Since the extent of protection conferred by a European patent is determined by the claims [Art. 69(1) EPC], it is of utmost importance to draft the claims on the basis of working embodiments of the invention as broadly as possible, but without running the risk of conflicting with the enablement and support requirement of Art. 83 EPC.
A rather tricky situation may arise in the field of patenting compounds for medical purposes, where protection of compounds in the so-called first medical use claim format “compound X for use in medicine” or “compound X for use as a medicament” is considered as in line with the requirement of Art. 83 EPC if at least some medical use has been shown or is plausible, while the formulation as a so-called second medical use claim “compound X for use in the treatment of a disease from the list of diseases Y, Z, etc.” may face an enablement objection under Art. 83 EPC if the therapeutic effect has not been shown or is not plausible for all claimed diseases Y, Z, etc. In other words, if a therapeutic effect of a compound has been shown for the first time, in view of Art. 83 EPC a second medical use claim may be attacked or even annihilated in opposition or invalidity proceedings by third persons more easily than a first medical use claim. This is irritating in that the first medical use claim is more valuable in terms of scope of protection as it covers any medical use, including the use for the treatment of diseases Y, Z, etc. as defined in the second medical use claim format.
Recent EPO’s Board of Appeal decision in case T 2627/17 of January 25, 2022 illustrates this tricky situation. In said case, the patent was concerned with compounds to treat, prevent or diagnose diseases that involve estrogen receptor activity. In the application as filed, biological activity data were provided for exemplarily compounds which were considered sufficient to support the first medical use claim specifying the intended use as being “for use in medicine”. Consequently, the board found the first medical use claim to be sufficiently enabled in terms of Art. 83 EPC. However, the board came to a different conclusion for the second medical use claim directed to the same compounds but with the specific second medical use claim wording “for use in the treatment of …(list of diseases, including for example, alcoholism, migraine, cirrhosis, hepatitis B, chronic liver disease, bone density, obesity, migraine, ADHD, dementia, major depressive disorder and psychosis)”. For a number of said diseases there was no verifiable technical evidence of any link to the estrogen receptor, and therefore the board assumed that the therapeutic effects could not be achieved for those diseases. In conclusion, the board considered the second medical use claim as insufficiently enabled under Art. 83 EPC.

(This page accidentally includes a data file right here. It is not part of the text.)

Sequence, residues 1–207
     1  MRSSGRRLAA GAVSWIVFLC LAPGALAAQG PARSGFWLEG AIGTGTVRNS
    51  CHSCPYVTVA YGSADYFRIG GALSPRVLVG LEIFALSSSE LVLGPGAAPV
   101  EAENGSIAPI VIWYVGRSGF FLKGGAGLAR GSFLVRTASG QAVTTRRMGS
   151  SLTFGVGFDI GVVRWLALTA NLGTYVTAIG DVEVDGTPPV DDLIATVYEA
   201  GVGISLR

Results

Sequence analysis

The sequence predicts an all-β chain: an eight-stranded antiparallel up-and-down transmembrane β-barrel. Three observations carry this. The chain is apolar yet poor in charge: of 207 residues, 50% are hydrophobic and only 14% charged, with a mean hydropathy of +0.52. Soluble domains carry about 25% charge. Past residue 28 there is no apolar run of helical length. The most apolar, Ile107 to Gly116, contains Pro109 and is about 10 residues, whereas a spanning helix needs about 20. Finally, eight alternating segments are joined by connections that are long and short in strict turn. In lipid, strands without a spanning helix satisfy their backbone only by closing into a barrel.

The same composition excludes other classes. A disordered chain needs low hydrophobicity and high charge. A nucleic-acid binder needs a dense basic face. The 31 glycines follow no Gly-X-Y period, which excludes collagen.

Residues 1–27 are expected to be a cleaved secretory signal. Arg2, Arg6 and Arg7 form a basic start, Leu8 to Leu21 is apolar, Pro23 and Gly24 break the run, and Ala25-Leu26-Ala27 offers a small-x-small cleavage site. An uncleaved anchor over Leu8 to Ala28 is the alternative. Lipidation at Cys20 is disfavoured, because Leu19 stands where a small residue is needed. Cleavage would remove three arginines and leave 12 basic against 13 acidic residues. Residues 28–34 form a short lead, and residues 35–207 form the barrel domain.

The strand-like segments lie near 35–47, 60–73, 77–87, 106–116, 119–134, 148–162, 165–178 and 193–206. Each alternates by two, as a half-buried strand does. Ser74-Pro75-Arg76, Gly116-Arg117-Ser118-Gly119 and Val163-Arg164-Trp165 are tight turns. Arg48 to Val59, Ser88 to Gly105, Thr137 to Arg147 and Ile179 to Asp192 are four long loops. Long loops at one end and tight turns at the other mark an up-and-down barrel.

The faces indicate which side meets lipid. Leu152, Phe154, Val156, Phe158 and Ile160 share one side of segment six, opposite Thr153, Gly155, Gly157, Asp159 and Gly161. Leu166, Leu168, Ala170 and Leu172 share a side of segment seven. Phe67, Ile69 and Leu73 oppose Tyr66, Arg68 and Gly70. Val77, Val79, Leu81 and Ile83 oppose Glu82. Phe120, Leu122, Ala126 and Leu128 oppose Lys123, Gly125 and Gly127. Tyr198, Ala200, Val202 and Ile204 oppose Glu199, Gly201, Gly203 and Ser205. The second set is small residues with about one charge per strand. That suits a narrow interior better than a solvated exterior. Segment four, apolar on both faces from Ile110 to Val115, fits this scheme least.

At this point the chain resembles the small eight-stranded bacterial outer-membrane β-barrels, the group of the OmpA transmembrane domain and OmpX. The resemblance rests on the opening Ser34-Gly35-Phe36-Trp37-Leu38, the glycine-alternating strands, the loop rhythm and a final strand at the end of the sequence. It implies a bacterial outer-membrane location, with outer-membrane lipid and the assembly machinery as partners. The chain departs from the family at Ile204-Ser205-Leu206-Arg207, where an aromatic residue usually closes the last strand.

The guidance is therefore quite clear: when a therapeutic use of a compound has been shown for the first time, it is definitely worth claiming this specific use not only in the format of a second medical use claim, but also using the first medical use claim format (“compound X for use in medicine” or “compound X for use as a medicament”) as a valid option with an even broader scope of protection and unlikely problems with regard to Art. 83 EPC.